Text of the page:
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Given the products of diagonally opposite cells - can you complete this Sudoku?

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It is possible to identify a particular card out of a pack of 15 with the use of some mathematical reasoning. What is this reasoning and can it be applied to other numbers of cards?

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15 = 7 + 8 and 10 = 1 + 2 + 3 + 4. Can you say which numbers can be expressed as the sum of two or more consecutive integers?

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Draw some isosceles triangles with an area of $9$cm$^2$ and a vertex at (20,20). If all the vertices must have whole number coordinates, how many is it possible to draw?

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You need to find the values of the stars before you can apply normal Sudoku rules.

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Imagine you have an unlimited number of four types of triangle. How many different tetrahedra can you make?

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Replace the letters with numbers to make the addition work out correctly. R E A D + T H I S = P A G E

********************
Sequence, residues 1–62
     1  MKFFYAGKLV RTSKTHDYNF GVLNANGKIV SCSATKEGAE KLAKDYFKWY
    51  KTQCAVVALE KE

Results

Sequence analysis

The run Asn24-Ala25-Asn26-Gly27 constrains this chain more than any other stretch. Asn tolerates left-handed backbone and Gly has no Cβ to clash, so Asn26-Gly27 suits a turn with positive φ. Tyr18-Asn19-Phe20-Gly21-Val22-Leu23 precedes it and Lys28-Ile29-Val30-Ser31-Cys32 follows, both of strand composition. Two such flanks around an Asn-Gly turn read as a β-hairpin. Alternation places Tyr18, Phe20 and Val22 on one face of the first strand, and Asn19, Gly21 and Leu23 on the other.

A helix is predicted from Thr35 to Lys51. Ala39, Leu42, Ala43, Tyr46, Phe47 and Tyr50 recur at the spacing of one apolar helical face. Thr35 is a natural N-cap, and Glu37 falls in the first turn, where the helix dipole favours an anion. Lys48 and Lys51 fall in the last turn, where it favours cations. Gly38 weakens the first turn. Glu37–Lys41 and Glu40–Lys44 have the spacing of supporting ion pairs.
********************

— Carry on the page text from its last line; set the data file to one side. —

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You are given the Lowest Common Multiples of sets of digits. Find the digits and then solve the Sudoku.

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Can you arrange the numbers 1 to 17 in a row so that each adjacent pair adds up to a square number?

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You have twelve weights, one of which is different from the rest. Using just 3 weighings, can you identify which weight is the odd one out, and whether it is heavier or lighter than the rest?

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An irregular tetrahedron is composed of four different triangles. Can such a tetrahedron be constructed where the side lengths are 4, 5, 6, 7, 8 and 9 units of length?

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I added together some of my neighbours' house numbers. Can you explain the patterns I noticed?

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Investigate the different ways that fifteen schools could have given money in a charity fundraiser.

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Gabriel multiplied together some numbers and then erased them. Can you figure out where each number was?

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Solve the equations to identify the clue numbers in this Sudoku problem.